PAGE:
The English seem to expect/demand that the nursing staff give them what they would expect in the UK, but quite rightly, the Spanish say, 'You're in our country now, so adjust. If you need care in hospital and you don't have anyone to provide it, you will have to pay for someone to provide it for you.'
So be warned - this could be the way things will be developing for the United Kingdom if this slippery slope is not knocked on the head, sooner rather than later!
Mrs Sally Realey
Still human beings - 19 April 2013
Nothing free until we’re too old - 19 April 2013
I shall wear orange! - 19 April 2013
Can you do something about the Big Six Energy Providers? - 17 January 2013
A wealth of information - 14 January 2013
Campaigns & Issues
Woodland Court staff face secure future thanks to Brunelcare
Residents and staff at a retirement village in Downend have finally reached the end of two years of uncertainty, following the acquisition of Woodland Court by Brunelcare.
Previous owners of the 57 apartment village, Care Village Group, went into administration in June 2011, leaving the residents and staff with an uncertain future.
The top priority for the Bristol based charity has been to retain all 27 members of staff to ensure that the support services are maintained, whilst minimising any disruption to the residents.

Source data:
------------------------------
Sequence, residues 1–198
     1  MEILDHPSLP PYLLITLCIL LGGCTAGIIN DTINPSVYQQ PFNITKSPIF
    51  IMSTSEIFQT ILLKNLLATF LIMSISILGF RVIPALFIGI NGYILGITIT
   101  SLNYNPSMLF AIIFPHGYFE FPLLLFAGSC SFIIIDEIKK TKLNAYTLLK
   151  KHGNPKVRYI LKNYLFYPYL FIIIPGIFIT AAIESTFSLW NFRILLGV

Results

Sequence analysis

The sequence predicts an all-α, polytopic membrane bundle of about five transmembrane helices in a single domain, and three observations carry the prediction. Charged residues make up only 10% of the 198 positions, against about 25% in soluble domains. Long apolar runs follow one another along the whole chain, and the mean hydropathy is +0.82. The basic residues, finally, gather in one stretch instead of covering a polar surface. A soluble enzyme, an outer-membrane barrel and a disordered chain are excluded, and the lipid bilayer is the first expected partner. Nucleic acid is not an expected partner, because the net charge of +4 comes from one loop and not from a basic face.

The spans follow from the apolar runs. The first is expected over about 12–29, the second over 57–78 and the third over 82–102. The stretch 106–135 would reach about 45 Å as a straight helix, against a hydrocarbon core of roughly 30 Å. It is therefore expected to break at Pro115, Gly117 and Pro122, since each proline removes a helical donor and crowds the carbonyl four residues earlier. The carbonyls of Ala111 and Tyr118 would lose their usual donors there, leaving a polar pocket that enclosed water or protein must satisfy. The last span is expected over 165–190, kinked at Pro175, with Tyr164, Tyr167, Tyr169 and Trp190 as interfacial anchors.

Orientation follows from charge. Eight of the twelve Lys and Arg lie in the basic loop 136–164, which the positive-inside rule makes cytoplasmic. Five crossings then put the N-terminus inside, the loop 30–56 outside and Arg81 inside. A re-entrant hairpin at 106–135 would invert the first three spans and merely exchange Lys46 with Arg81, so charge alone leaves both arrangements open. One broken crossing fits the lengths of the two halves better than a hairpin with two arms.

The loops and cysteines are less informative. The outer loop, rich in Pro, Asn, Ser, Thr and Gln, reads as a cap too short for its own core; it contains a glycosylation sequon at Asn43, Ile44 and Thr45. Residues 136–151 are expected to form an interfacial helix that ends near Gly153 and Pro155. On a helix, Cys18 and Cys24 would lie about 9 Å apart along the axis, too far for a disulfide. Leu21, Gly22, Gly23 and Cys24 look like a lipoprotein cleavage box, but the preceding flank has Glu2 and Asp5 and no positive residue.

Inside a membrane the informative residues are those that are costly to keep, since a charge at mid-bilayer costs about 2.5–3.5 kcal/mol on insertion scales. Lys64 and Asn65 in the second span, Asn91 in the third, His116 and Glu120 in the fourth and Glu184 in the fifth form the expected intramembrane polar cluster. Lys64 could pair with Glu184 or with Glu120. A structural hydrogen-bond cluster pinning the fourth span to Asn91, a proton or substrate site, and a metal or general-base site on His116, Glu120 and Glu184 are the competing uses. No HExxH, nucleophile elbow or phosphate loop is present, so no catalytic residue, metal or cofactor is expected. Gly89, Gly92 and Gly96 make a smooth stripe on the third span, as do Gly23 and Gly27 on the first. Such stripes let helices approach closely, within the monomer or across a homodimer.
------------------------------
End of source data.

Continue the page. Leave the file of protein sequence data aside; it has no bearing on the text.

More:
Stamping their feet
THOUSANDS OF Post Office staff have taken part in strikes across the country following a dispute about closures, jobs and pay.
A staggering 88 per cent of Communication Workers Union members voted in favour of strike action, following a refusal from the Post Office to negotiate terms.
The 4,000 workers, from 373 offices, took part in the strikes in opposition to plans to close 76 offices.
They hope to protect jobs and services and secure a fair pay rise for Post Office staff - who have not had a wage increase since April 2011.
Competitions & Fun
Win a Doro PhoneEasy 515 handset!
We’ve teamed up with Doro to give four very lucky Mature Times readers the chance to win a Doro PhoneEasy 515 mobile phone.
The Doro PhoneEasy 515 has been designed to provide an easy-to-use mobile for people who might find mainstream handsets difficult or confusing to use. This beautifully stylish candybar phone features an easy-to-use camera enabling you to capture those spontaneous photos quickly and easily before sharing them with others.
The Doro PhoneEasy 515 has several user-friendly functions including a direct SMS key and a charging cradle to make charging hassle free. It also has a large keypad, enlarged text for easy dialing and messaging and a loud, clear sound.
Win a prize at home or away in this month's prize draw with Silver Travel Advisor!